We are human. We are all struggling with something. We are all trying to find our way in this crazy game called life. Let’s try leaning on each other more. Even if it feels unnatural or makes you uncomfortable, try it. Try smiling at someone instead of scowling. Try sharing something that makes you vulnerable with a friend.

It’s amazing the amount of doors it can open up.

30 days in jail, probation for former Rutgers student Dharun Ravi

Have you been following this case? Are you feeling a little outraged at the outcome? I’m pretty shocked… and also conflicted.

For those not familiar: Back in 2010, Dharun Ravi  used his webcam to spy on his roommate, Tyler Clementi. Ravi set up the webcam to capture Clementi’s sexual encounters, which happened to be with another male. Then, Ravi used Twitter to encourage other students to watch said encounters. Tyler Clementi killed himself shortly after. He jumped to his death from the George Washington Bridge on September 22, 2010.

A couple months ago a jury convicted Ravi on 15 criminal counts including invasion of privacy, bias intimidation, and witness and evidence tampering.

The jail sentence is set to begin May 31. Ravi was also sentenced to three years of probation, 300 hours of community service, and counseling regarding cyber bullying and alternative lifestyles. Ravi must also pay a $10,000 fine, which will go to a facility dedicated to victims of bias crimes, The Star-Ledger reports.

I took a media law class this past semester and we talked about this case. It enraged me then and it enrages me still. Bullying isn’t limited to the playground and if anything I’m glad this case has forced people to pay attention to just how severe it can be.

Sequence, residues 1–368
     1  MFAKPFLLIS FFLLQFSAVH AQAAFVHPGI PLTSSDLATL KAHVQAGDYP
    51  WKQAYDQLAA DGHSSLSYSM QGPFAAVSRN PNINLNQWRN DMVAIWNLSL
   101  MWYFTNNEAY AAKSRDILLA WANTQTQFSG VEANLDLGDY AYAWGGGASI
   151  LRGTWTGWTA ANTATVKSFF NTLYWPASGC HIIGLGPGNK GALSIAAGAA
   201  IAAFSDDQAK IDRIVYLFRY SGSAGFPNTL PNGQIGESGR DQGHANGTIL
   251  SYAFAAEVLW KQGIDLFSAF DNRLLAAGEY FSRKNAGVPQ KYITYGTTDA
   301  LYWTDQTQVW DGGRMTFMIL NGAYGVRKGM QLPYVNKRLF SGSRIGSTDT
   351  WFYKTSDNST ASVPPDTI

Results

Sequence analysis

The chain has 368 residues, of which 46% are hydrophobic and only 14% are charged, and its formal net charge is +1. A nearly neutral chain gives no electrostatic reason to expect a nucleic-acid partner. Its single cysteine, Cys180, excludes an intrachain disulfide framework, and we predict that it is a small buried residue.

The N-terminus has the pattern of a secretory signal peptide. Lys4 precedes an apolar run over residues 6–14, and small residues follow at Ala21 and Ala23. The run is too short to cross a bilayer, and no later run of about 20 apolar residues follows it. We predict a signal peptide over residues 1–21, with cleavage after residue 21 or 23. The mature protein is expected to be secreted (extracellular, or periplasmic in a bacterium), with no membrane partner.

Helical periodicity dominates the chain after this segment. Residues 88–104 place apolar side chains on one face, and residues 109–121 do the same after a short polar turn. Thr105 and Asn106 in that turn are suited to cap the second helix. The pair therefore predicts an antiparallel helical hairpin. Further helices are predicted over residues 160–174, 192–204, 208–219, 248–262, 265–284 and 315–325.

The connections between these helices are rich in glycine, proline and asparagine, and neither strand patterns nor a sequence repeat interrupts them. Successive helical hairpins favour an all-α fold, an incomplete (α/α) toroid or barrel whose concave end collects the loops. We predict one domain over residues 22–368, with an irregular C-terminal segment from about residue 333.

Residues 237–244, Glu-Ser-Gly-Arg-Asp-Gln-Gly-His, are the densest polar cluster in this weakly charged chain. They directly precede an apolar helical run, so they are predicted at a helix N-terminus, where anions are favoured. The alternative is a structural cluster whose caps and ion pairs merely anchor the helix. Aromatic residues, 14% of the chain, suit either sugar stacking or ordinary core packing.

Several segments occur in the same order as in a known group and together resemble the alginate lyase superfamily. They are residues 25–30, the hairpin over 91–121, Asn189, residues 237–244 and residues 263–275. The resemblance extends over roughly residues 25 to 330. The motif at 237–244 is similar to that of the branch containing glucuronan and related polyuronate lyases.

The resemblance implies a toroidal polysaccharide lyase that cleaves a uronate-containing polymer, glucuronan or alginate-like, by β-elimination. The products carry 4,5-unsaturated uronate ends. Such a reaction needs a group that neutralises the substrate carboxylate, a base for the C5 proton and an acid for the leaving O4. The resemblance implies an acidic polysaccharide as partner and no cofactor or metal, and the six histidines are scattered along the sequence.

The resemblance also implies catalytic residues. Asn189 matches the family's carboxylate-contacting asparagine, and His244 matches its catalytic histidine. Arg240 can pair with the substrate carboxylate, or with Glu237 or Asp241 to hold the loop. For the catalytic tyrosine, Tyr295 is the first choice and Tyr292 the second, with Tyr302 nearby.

Do you really think 30 days of jail is justice? I’m not sure it is. I mean, Ravi did not even speak in court when given the chance. Why not say sorry to the family? Why not take the stand and show how much the experience has taught you? Why not express interest in speaking to other young people about what happened and use it as a teaching tool?

Instead his crying mother took the stand and asked the judge to give her son a chance to live a normal life. But what about Tyler and his life?

It’s hard for me to feel for Ravi when he hasn’t expressed any remorse. However, the optimist in me wants to believe that the whole thing went way beyond his comprehension.

He’s still only 20 years old and would have been an impressionable 18-year-old when he committed the crimes.

And yes, crimes. Invading someone’s privacy is just that. But the Internet has blurred the lines of privacy. Facebook and Twitter make people, especially young people, feel entitled to know the intimate details of other people’s lives. Hell, people share nitty gritty details about themselves all the time – and willingly.

However, I knew better when I was 18. But I knew better before the webcam even existed. So should age even be an excuse?

I’ve never been to jail, so I’m not sure what those 30 days will be like for Ravi. He needs to be punished and live the consequences of his actions. But it’s the counseling that I think he really needs. Or a wake up call… some time to mature.

Is this type of thing preventable?

I really think we should have a class in middle school dedicated to embracing diversity. We need a class or seminar on bullying and how to use the Internet and teach how to respect someone’s privacy.

What do YOU think? Have you been bullied on the Internet? Does the sentence match the crimes?